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11 Dreams

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Jun 11, 2019
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My employee is off working. I've got things rolling along and I need something to do. Is anyone building up their business that wants some marketing/sales help? Anyone need some ideas? Anyone need some resources?

Let me know. No charge. Just looking to help if you're looking for it but don't want to put up a post about it. I've got nothing to do for most of the day for a couple of weeks and I'd like to do something productive to keep my mind going so I don't pick up any wasteful habits with my free time.
I could use some help! Do you speak a second language? I could use some help to translate my book. If not, I have a lot going on that I can use some help with.
 

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luniac

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My employee is off working. I've got things rolling along and I need something to do. Is anyone building up their business that wants some marketing/sales help? Anyone need some ideas? Anyone need some resources?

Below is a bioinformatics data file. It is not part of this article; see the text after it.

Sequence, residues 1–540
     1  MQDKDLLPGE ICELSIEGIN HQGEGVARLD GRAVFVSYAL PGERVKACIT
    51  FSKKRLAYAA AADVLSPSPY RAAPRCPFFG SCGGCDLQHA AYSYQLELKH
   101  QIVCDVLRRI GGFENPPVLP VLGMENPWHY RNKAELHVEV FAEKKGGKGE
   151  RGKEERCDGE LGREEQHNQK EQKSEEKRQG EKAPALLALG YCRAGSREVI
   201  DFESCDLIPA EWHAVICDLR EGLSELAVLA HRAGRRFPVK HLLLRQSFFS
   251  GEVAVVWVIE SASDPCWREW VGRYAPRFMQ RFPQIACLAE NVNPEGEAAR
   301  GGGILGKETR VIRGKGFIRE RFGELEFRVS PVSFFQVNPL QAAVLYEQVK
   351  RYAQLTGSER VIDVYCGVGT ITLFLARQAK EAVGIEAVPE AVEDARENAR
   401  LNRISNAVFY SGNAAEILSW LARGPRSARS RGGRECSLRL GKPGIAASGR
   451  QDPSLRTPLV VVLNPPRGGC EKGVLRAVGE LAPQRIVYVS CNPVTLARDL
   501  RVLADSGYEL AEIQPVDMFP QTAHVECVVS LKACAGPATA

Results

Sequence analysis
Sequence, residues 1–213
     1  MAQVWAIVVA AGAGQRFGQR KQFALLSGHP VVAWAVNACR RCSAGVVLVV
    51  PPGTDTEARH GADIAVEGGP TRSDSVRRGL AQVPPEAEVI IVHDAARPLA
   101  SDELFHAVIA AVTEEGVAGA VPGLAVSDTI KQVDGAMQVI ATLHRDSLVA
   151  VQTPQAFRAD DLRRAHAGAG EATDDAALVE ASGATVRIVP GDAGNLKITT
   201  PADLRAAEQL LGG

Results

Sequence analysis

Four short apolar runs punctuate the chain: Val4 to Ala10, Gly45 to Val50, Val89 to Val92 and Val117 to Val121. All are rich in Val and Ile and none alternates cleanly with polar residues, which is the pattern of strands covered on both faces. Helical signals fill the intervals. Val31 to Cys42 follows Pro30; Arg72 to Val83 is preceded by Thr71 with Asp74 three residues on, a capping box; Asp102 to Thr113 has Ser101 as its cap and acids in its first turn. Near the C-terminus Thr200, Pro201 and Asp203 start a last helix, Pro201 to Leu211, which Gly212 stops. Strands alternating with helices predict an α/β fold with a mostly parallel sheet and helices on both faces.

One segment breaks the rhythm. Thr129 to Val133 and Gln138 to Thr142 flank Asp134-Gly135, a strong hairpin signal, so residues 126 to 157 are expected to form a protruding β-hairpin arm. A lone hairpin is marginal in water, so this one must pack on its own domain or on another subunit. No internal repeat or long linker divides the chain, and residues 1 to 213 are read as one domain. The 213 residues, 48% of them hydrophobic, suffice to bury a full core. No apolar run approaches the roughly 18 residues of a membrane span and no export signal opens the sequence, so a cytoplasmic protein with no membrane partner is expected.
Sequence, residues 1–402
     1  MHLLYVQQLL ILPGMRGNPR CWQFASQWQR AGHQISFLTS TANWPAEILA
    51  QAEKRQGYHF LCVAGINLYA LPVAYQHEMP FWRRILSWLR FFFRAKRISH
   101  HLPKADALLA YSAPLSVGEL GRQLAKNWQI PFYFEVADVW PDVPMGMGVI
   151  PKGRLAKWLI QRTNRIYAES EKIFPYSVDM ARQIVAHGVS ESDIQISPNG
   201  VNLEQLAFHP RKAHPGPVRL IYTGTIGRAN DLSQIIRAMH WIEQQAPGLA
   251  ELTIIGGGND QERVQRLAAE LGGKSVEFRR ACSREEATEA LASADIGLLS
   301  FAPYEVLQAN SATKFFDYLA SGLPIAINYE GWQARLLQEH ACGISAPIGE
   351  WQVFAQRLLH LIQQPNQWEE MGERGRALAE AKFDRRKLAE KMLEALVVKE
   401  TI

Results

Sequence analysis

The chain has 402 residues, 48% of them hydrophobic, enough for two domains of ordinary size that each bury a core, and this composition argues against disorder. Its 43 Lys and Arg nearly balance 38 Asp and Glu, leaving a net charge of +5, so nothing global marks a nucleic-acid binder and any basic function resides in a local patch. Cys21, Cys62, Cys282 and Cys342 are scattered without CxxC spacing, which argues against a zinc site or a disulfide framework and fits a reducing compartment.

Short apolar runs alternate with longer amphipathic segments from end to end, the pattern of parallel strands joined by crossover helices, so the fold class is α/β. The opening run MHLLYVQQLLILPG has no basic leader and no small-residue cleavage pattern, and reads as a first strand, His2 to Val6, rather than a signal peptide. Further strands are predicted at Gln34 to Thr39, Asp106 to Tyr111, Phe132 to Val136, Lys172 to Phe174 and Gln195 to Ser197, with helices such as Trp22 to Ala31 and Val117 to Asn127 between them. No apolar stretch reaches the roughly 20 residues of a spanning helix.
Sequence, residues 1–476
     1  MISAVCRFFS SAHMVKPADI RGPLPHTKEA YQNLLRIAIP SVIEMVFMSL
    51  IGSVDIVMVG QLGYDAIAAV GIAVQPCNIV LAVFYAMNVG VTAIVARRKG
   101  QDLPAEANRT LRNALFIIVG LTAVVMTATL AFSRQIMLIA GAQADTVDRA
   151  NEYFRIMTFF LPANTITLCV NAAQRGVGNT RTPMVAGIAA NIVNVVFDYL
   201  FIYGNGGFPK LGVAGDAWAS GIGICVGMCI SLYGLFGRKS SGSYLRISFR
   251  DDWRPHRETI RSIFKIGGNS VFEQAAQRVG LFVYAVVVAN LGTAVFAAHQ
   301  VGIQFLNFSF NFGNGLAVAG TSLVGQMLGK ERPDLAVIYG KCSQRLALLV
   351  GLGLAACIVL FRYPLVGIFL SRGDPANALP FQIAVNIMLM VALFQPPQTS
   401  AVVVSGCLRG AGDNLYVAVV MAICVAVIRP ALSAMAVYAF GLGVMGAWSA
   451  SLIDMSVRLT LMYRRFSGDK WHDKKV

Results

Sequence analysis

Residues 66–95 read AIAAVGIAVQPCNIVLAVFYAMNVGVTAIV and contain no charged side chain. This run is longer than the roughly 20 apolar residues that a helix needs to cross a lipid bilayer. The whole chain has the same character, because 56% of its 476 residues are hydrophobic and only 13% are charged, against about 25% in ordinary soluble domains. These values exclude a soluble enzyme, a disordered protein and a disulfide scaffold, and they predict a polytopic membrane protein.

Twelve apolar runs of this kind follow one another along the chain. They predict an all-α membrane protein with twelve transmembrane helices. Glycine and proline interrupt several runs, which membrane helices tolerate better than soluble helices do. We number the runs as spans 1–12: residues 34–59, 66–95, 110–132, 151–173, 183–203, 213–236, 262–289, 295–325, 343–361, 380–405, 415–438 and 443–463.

Let me know. No charge. Just looking to help if you're looking for it but don't want to put up a post about it. I've got nothing to do for most of the day for a couple of weeks and I'd like to do something productive to keep my mind going so I don't pick up any wasteful habits with my free time.
lol ok,
do you have any ideas to make any of these apps viral
 

Jeff Noel

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Are you getting the consulting work from that facebook group? Or from somewhere else?
Consulting work comes from the group, referrals from past customers, the podcast we're running, the blog's trafic.

Cannot identify the main magnet right now as the pixel wasn't really setup last year. We'll get better metrics this year. I'll check to find the main source.